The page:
There have been months of discussion and debate going around America about the “Medicare for All” plan and introduced b Senator Bernie Sanders. The majority of Americans place it under the hot topic in the government and have been closely monitoring each update and reports from Congress.
Since then, a lot of questions arising from people such as:
- “Is America ready for Medicare for All?”
- “Will the said bill, able to support essential medical assistance and healthcare needs?”
- “How will it impact differently with the different social classes in the country?”
- “Will it be a sustainable act for America’s economy?”
Now let us sink into the profound reality of Medicare for All.
What is Medicare for All, and How Will it Work?
Medicare for all is a single-payer health insurance plan for all the people in America. This would mean that part of the collection from the taxpayers will fund the health expenses for the whole population. The key idea is to have a centralized funded health system like those of first world countries such as the United Kingdom and Canada. The private health insurance companies and employers who pay for their employees’ health care will be put into risk because the bill will eliminate their role. There are pros and cons to every bill. And here are a quick look for the pros and cons of ‘Medicare for All’ in America.
Pros: Virtually no out-of-pocket costs as the bill will prohibit most charges. This will include co-insurance, deductibles, co-pays, and any other healthcare-expenses. However, there’s an upper limit to this, and that’s at $200 per year for prescription medication. The exception to this are people whose income is less than 200% of the federal poverty level. Cons: It could probably increase taxes. In the said bill, they were pushing to offset tax increase to healthcare savings. In a nutshell, this would mean that lower-income individuals pay less for their healthcare insurance.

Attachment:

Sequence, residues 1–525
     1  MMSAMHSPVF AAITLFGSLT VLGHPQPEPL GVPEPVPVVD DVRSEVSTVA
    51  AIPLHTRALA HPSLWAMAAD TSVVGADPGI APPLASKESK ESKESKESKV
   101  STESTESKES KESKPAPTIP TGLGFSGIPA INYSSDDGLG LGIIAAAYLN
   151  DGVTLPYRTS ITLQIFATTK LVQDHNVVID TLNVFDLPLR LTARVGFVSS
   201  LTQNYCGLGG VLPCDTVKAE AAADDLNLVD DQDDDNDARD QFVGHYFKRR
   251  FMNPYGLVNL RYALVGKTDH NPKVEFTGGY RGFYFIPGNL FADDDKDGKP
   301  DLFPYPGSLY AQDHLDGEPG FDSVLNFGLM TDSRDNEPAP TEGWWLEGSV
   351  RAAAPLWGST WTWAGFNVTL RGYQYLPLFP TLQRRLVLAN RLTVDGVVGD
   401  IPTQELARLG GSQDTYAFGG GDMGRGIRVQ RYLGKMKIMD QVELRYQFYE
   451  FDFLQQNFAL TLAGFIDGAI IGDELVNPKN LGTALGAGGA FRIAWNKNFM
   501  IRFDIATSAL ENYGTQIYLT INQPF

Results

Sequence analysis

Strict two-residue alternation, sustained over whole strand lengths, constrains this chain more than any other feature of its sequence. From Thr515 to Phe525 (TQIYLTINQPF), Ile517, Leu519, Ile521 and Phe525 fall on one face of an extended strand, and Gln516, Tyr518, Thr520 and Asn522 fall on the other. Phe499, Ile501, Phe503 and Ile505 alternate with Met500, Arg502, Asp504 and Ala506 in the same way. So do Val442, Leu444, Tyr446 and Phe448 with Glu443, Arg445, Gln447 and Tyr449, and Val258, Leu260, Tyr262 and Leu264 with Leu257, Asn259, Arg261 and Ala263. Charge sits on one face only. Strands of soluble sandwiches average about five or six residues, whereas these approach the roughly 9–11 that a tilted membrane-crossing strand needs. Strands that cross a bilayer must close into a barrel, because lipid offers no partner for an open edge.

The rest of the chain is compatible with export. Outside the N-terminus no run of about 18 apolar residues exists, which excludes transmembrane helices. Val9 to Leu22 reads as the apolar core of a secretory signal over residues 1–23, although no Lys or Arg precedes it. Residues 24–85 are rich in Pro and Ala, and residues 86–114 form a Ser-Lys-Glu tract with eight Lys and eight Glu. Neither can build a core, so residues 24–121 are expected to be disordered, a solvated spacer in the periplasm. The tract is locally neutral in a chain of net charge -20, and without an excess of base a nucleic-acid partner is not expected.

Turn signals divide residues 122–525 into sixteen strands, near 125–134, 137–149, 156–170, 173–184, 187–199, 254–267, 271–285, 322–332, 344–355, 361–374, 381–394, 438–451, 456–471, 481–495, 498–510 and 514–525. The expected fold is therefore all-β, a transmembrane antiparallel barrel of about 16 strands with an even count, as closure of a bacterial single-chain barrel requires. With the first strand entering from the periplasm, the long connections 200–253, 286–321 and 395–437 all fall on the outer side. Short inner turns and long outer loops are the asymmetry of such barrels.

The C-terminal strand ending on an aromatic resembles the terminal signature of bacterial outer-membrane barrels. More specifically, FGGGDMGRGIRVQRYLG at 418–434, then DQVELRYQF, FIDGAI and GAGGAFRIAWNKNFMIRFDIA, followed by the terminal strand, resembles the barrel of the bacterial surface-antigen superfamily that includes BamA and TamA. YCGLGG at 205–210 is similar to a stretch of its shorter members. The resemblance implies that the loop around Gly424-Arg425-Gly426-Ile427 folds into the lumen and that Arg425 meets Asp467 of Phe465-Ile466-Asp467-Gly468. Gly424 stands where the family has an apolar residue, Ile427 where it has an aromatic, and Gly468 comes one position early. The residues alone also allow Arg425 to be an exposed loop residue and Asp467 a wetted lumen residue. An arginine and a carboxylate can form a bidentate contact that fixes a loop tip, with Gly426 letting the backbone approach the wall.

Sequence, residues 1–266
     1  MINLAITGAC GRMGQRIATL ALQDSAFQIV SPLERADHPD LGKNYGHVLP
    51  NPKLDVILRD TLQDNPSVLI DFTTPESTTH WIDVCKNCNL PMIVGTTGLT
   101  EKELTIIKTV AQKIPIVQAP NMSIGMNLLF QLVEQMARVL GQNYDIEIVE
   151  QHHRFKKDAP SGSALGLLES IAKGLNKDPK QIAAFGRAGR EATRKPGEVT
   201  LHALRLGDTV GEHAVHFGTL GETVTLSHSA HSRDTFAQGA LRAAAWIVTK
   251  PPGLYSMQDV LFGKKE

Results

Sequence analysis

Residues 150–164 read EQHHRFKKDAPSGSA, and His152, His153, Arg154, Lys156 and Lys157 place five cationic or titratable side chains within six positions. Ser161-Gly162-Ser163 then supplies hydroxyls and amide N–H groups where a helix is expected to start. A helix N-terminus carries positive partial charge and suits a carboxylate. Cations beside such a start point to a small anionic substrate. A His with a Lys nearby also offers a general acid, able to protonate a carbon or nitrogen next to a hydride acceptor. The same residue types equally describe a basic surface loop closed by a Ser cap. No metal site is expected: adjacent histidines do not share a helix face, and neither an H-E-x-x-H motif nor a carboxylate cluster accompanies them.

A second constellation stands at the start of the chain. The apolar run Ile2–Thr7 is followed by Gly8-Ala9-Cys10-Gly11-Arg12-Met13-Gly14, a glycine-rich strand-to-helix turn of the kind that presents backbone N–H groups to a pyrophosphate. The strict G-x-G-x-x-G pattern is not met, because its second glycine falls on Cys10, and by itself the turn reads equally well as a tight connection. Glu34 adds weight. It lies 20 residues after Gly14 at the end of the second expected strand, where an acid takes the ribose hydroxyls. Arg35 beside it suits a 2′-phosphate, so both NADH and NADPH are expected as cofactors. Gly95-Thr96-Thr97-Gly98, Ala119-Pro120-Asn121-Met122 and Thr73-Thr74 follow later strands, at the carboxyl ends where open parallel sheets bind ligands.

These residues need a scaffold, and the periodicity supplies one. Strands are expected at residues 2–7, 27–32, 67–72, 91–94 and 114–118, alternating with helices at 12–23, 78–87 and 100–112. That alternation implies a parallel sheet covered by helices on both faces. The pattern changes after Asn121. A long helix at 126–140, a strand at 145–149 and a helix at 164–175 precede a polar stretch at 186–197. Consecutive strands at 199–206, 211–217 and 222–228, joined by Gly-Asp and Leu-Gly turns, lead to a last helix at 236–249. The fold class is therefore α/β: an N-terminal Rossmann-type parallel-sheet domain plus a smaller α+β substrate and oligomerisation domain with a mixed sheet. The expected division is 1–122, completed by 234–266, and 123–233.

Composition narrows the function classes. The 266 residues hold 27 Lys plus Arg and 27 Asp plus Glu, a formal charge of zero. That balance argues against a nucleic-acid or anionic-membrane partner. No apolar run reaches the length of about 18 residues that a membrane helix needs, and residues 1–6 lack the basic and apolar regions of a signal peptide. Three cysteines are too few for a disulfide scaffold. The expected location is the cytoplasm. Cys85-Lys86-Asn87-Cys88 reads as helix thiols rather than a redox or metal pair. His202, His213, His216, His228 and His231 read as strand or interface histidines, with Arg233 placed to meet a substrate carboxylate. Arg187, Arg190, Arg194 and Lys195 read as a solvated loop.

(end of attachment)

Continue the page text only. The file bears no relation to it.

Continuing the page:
Choice of Doctors and Healthcare Quality
Pros: Since the bill sticks to the current provider system, you can keep your doctors and the choice of hospital or your private healthcare provider. Cons: You can’t stick to your chosen doctor if the healthcare providers want not to participate in the program. However, this has not yet clarified with the bill. Another concern raised was the doctor’s professional fee. Since the program will be coming from a single-funded pay, this would probably decrease their payment rate and fear to lessen care quality.
Availability of Other Private Health Insurance
Pros: It will still be available, provided that their policies won’t cause redundancy with the policies provided under the ‘Medicare for All’ bill. Cons: Limited policies offered by various private healthcare insurance.
Employer-Sponsored Insurance Eliminated
Pros: A cheaper alternative because the bill will cut admin and processing costs. Taxes will go up, but there would be tax exemption from the payroll amounting to the first $2 million payrolls. Cons: The bill will eliminate all of the companies that pay for their employees’ insurance. Employers will have new taxes to pay.
Drug Cost in Pharmaceutical Companies
Pros: Provides for cheaper drugs. The bill will seek drug alternatives, which is way less expensive, even those coming from importation in neighboring countries like Canada. This will gives an estimated savings of $200 billion and $300 billion a year on healthcare spending budget. Cons: Pharmaceutical companies will be significantly affected because the government will decrease the generic and branded medication by 30% and 70%, respectively.
New Healthcare System and Hospital Funding
Pros: The bill will be most beneficial to rural populations. Also, the healthcare cost savings through the new health record systems. Since the country will be transitioning into a uniform health record systems, it can now easily detect and correct any fraudulent services. Cons: Transitioning to uniform health record systems is a very ambitious move. It requires a lot. Also, there would be an estimate of $800 billion cut from the funding across all hospitals in a decade. The Federation of American Hospitals and the American Hospital Association strongly oppose the plan.
The major transition of Medicare for All in America will take years. Observation of research and studies will help develop a better understanding. It will test different angles and perceptions. Taking these things into consideration, ask yourself these questions, “Will America ever get ready for a single-payer health insurance plan?” or “Is the time for Medicare for All ever come to the United States of America?”